The second longest day in the saddle of 2016’s La Vuelta a España, the 200.6km route from Requena to Gandia forms Stage 18 and has the potential to offer a seldom victory for the fastest riders remaining at the race. A hectic scramble to make the day’s breakaway looks certain, with opportunistic riders hoping that the peloton shall struggle to muster a strong enough chase to bring them back before the finish in Gandia. After a lumpy beginning to proceedings, the pack will begin to climb the 13.3km long Category 2 Puerto de Casa del Alto, averaging a modest 3.8% from bottom to top. Though sustaining its rolling profile, the stage actually descends continually down to the finish after they have passed over the day’s sole categorised climb. Eventually returning to flat terrain with only 5km or so remaining, the peloton will once again have to thread their way through several roundabouts and keep a tight leash on any escapees looking to make a late move, as they hit a small incline 4km from the line.
Gianni Meersman has performed far beyond expectations during the race and shall definitely be marked as the favourite to take stage honours if the day ends in a bunch kick once again. His Etixx-QuickStep team still appear strong, providing enough grunt work to control the race and still set Meersman up for the win. The tricky finale will magnify the advantage of possessing a good leadout and there is every chance that no other team will be able to match them in this tiring final week.
Zdeněk Štybar will be the perfect alternative for Etixx-QuickStep if Meersman is not convinced that his efforts are worth investing in a potential sprint finish in Gandia. Despite being the crucial cog in the Meersman train, Štybar might be allowed to join the day’s breakaway and take the pressure off his teammates. The terrain is favourable for the Czech rider and he may even choose to make a late move upon the small incline 4km from the finish if the opportunity appears.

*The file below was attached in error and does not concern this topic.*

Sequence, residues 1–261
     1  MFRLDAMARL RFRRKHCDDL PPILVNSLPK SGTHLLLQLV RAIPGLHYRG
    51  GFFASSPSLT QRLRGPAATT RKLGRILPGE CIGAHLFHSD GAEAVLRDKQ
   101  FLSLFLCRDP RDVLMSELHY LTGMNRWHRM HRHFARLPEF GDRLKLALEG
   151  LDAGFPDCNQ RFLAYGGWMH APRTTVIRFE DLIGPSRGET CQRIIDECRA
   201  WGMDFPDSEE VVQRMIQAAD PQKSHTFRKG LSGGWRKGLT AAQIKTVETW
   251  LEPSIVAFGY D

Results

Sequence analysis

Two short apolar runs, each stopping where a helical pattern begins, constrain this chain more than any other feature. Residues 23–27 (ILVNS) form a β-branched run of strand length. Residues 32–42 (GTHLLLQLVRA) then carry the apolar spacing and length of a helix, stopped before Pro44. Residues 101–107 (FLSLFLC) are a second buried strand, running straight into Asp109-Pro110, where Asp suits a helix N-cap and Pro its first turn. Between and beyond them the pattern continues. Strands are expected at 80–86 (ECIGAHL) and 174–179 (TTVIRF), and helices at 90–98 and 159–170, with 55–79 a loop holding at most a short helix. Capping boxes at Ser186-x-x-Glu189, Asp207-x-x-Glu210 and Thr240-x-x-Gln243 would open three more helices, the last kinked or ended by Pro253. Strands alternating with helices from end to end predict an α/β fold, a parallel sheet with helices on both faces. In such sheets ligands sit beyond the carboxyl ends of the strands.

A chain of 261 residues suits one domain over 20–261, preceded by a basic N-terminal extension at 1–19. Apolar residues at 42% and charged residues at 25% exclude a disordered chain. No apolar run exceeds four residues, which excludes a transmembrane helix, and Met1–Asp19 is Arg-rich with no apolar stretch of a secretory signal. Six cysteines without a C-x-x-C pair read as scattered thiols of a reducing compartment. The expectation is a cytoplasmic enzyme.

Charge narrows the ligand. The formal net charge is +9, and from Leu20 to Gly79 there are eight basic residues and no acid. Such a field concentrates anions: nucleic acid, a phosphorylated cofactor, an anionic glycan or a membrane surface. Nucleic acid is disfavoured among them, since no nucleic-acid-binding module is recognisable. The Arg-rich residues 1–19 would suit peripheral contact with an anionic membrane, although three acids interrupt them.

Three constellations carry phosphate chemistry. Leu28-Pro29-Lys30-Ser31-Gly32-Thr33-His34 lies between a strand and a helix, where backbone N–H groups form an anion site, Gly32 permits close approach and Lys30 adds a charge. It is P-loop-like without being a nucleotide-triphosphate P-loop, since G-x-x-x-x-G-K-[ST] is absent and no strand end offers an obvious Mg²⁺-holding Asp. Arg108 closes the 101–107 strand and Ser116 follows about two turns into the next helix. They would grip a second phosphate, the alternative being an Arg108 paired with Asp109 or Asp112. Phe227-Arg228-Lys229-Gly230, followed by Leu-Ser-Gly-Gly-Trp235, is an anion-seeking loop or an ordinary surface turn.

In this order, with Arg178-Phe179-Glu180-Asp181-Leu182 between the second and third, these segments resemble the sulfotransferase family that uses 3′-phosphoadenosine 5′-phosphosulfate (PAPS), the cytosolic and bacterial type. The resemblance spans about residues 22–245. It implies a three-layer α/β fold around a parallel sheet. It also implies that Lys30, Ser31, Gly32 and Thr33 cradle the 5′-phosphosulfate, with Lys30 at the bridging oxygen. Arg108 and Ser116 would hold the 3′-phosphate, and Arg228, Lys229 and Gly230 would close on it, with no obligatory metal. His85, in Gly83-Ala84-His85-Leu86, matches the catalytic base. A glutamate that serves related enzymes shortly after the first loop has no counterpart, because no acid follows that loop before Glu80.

Nikias Arndt is still considered the fastest man still present at this year’s Vuelta, but has been plagued by poor leadouts and recent knee issues as well. With such little form to go on, it is hard to create a strong case for Arndt, yet the potential of a neat run into home clearly places him in contention should the day end in a sprint.
Jempy Drucker turned in a great performance a couple of days ago and will hope to build upon that in pursuit of a stage victory. The BMC rider is talented at looking after himself, relying less so on his teammates than other rivals here and shall hope for a hard race which reduces the size of any potential group contesting the finish.
Kiel Reijnen should be given the chance of taking over from teammate Fabio Felline, hoping he can seize upon the chance to battle it out for the win at his first ever grand tour. The lumpy terrain will potentially improve his odds of winning, drawing similarities with previous professional wins, though the distance could be an issue.
Rudiger Selig caught the eye on Stage 16 and shall be hoping for a repeat performance of his second place at the very least. With a strong team ready to support him, Bora-Argon 18 will definitely be convinced that a stage victory is with their grasp at this edition of La Vuelta.
The breakaway has a very strong chance of staying clear if the right composition of riders and teams forms, hopefully nullifying the need to chase from the group behind. Such riders who could benefit from this are Fabio Felline, Omar Fraile, Moreno Moser, Jan Bakelants, Luis Leon Sanchez, Laurent Didier and Yves Lampaert.
1st Nikias Arndt 2nd Rudiger Selig 3rd Jempy Drucker